Alton is an AB English Language and Literature Studies student from Xavier University-Ateneo de Cagayan. He is a fellow at the Iyas National Writers Workshop (St La Salle University, Bacolod) and the Cornelio Faigao Annual Writers Workshop (University of San Carlos, Cebu).

Awakening

Poetry by | July 20th, 2014

Her windows became
ribbons of glitter
layered through the glass.
A waterfall of peach
and cream roses became
her curtains.
Farewells to the moon
and welcoming dawn.
A pillow of tears
embraced her tangled
mane of nuts and wood.
Dreams of vividness,
escaping reality.
But alas, she
woke again from
unfinished words.
Just as her gaze
isn’t blind
anymore, she
forgets.
Except for his face
she no less remembered.

—-
Born in General Santos City, Monique is a Second Year student at UP Mindanao. She’s currently studying BS Biology.

Sky

Poetry by | July 20th, 2014

One last time,
Let’s buy our wings
Pretend to be angels
As feathers flutter in the air
Let’s stretch our arms
Pretend to be heroes
Our capes will dance with the wind
Let’s shine
Pretend to be falling stars
And in the last seconds
I’ll tell you
It would be the last
The last del of pain —


Ten Ilajas recently graduated from Ateneo de Davao University.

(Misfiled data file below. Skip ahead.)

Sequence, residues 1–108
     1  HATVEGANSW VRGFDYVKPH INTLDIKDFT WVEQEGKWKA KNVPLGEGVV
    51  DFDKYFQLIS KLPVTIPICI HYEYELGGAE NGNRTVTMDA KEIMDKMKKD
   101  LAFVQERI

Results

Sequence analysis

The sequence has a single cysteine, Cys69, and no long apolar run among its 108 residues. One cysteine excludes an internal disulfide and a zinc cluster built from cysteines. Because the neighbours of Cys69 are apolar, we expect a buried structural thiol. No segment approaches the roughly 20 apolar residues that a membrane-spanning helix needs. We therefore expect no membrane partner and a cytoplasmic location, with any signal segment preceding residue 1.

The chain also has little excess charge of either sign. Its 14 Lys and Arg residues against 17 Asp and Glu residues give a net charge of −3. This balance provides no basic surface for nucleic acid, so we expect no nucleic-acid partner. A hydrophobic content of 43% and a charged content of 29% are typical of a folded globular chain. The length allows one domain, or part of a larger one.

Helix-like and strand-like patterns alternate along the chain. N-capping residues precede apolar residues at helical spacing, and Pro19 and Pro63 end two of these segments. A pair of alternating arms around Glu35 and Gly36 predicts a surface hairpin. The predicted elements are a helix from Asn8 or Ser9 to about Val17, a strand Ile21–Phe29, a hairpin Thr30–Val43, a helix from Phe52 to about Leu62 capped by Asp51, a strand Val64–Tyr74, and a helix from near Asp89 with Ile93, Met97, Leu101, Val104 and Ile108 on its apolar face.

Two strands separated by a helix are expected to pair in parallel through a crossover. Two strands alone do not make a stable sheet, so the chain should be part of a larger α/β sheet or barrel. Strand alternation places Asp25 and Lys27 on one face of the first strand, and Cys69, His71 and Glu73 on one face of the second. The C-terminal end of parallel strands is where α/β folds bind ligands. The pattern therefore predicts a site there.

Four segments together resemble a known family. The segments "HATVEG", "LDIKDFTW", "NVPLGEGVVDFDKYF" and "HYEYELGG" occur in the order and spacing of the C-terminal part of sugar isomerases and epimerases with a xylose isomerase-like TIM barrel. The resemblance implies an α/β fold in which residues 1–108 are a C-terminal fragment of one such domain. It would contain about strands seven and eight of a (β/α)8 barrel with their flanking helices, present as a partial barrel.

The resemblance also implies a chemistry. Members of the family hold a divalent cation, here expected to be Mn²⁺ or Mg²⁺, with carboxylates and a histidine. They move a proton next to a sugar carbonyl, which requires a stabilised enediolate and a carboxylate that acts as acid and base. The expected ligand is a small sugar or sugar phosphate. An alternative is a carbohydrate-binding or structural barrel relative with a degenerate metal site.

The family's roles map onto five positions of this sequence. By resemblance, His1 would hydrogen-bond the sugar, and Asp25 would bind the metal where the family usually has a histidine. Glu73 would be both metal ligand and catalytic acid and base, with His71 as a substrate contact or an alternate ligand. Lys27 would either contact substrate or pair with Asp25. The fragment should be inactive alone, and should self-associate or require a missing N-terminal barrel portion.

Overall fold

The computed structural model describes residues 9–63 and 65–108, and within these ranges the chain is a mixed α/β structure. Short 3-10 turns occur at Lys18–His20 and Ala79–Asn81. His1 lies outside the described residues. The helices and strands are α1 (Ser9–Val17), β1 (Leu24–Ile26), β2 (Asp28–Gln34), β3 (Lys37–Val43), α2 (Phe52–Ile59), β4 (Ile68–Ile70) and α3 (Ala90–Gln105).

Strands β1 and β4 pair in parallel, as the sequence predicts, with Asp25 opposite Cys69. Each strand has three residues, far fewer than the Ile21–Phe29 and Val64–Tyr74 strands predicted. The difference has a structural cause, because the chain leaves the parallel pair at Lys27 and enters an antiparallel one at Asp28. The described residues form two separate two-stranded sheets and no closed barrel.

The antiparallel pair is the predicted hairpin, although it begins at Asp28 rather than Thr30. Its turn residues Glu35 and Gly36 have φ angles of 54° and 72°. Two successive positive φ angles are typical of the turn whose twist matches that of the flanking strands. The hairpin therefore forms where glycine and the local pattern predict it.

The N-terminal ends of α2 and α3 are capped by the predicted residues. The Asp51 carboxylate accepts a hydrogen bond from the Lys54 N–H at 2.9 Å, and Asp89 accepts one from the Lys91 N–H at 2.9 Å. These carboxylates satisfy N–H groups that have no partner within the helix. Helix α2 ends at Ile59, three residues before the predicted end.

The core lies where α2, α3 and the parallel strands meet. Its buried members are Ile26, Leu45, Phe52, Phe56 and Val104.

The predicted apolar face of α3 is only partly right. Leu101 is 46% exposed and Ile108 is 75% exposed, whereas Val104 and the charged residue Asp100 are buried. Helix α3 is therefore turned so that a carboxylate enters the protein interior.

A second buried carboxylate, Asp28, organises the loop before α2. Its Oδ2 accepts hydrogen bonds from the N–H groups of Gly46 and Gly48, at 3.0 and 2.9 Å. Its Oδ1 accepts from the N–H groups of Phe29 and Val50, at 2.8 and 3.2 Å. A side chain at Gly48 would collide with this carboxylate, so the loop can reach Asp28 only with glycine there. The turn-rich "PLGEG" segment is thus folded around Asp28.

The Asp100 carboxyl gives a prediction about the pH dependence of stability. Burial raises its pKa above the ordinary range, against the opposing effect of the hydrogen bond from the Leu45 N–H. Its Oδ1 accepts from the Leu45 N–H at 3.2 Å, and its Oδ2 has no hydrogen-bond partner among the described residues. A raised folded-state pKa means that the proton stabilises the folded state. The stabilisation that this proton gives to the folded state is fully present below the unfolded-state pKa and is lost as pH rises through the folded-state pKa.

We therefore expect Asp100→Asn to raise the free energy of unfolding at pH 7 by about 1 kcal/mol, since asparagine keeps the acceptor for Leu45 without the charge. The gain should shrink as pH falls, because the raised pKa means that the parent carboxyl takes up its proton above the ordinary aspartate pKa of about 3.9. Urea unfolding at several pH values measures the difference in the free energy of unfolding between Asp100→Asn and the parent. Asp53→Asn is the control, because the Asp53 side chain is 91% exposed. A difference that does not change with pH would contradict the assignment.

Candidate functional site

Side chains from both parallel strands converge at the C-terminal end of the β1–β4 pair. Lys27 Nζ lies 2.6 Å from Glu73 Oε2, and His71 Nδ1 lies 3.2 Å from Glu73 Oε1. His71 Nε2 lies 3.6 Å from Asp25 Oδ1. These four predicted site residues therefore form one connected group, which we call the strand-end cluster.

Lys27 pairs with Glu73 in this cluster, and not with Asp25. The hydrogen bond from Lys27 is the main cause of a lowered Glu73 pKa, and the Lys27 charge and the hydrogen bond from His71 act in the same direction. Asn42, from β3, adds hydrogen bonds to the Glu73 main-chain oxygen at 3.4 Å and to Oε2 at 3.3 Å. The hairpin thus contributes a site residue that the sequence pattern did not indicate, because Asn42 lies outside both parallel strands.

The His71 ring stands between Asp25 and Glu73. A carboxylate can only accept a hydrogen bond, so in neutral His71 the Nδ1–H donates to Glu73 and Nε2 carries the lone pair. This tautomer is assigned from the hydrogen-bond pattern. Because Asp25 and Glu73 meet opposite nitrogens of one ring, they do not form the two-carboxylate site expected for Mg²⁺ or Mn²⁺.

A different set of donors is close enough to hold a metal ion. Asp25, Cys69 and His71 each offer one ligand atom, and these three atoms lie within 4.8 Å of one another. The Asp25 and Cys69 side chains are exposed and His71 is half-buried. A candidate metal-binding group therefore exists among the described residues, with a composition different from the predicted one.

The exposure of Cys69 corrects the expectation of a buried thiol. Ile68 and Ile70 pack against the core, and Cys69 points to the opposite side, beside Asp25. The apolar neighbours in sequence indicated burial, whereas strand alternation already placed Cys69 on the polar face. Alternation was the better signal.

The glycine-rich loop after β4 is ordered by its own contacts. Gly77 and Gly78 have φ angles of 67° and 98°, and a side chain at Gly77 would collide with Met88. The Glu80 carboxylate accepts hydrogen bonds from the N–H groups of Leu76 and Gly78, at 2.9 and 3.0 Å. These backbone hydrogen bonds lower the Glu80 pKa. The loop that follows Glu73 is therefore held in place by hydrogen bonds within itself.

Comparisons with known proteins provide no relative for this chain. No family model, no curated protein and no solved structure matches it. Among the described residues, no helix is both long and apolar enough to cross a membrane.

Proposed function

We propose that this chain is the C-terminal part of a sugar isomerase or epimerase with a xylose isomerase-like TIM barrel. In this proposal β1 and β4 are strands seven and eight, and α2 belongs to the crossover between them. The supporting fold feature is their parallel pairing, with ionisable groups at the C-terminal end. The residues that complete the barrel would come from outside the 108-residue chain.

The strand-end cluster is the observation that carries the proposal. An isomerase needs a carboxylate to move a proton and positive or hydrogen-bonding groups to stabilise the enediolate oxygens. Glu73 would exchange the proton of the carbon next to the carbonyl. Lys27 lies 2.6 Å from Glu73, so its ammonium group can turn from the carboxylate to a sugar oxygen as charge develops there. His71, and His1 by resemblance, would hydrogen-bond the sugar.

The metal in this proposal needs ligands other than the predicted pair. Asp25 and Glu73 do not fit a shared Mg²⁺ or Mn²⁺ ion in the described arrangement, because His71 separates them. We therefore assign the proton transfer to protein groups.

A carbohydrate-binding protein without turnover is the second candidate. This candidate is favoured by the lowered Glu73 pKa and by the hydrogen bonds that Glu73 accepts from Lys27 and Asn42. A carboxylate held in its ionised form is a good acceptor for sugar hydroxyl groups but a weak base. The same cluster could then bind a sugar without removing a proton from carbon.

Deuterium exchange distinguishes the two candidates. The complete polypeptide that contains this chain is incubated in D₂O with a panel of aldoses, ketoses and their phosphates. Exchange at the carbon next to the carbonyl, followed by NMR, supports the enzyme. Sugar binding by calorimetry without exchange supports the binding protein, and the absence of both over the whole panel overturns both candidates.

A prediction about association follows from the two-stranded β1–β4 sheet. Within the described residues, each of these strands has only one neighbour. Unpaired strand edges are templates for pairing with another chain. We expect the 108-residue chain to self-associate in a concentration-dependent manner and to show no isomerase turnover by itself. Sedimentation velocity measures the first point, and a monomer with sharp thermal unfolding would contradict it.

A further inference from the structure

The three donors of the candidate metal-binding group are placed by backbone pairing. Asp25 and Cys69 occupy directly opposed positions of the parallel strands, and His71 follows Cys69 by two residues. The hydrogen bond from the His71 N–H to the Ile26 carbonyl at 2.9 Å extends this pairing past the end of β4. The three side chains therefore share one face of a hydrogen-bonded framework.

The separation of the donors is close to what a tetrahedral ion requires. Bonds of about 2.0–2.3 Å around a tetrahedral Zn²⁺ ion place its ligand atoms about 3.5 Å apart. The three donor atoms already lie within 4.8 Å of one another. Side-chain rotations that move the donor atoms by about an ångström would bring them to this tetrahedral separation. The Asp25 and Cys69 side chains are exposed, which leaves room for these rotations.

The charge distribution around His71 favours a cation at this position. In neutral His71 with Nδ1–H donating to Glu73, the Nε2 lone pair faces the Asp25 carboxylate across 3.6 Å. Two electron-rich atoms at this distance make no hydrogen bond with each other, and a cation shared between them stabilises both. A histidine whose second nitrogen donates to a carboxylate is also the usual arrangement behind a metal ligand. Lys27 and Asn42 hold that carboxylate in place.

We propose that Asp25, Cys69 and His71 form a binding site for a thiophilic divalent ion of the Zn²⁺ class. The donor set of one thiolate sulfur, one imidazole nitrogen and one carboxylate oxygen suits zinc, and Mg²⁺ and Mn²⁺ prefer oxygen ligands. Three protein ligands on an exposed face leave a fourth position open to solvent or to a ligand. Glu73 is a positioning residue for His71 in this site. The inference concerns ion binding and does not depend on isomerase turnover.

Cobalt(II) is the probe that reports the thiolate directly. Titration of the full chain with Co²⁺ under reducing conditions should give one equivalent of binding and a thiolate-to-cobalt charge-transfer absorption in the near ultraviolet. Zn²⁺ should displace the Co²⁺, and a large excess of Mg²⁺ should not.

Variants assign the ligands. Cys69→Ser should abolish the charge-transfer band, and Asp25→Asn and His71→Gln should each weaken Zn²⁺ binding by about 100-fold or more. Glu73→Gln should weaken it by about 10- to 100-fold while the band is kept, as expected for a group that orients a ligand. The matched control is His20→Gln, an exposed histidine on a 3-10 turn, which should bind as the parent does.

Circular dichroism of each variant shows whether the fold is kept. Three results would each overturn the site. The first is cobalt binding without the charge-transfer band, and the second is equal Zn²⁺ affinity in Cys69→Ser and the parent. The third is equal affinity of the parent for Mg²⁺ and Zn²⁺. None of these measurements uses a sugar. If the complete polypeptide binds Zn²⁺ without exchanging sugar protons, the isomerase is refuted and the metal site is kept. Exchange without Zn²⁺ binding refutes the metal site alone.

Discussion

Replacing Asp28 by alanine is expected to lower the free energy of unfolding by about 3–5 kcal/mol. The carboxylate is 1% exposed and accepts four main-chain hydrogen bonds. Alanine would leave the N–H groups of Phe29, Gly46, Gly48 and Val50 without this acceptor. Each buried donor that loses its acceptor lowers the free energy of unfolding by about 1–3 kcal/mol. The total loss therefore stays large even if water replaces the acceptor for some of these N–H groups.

Kon Ako Usa ka Bitoon 

Poetry by | July 20th, 2014

Kon ako usa pa ka bitoon
buot unta nako nga masiplatan
sa takna nga dawaton
sa kahayag ang panamilit
sa kangitngit.
Bisan tuod dili magdugay
mahanaw ra gihapon inig
sabwag sa adlaw, dawaton ko
gihapon sa kinasingkasing
nga pagpaubos,
ug pagsunod sa kaalam
sa sidlakan nga kanunay
gapadayon bisan mapalong
sa higayon nga motugyan
sa kaugalingon.


Si Dr. Jondy M. Arpilleda usa ka magtutudlo sa Kapalong College of Agriculture, Sciences and Technology. Usa siya ka myembro sa Davao Writers Guild ug sa Bathalan-ong Halad sa Mindanao.

Ninth Day

Poetry by | July 13th, 2014

‘Dy, thank you for visiting me
on this ninth day after my passing. 
It gets lonely here, the quiet nights,
the days I mistake for night.
Though I think I know
when it rains — the padded tapping
descends on me, smells of soil,
warmed by loam. It feels good.

‘My, it is already the ninth so quickly. 
But days pass by more slowly 
the fewer people there are at home. 
It gets lonely here, the empty bed,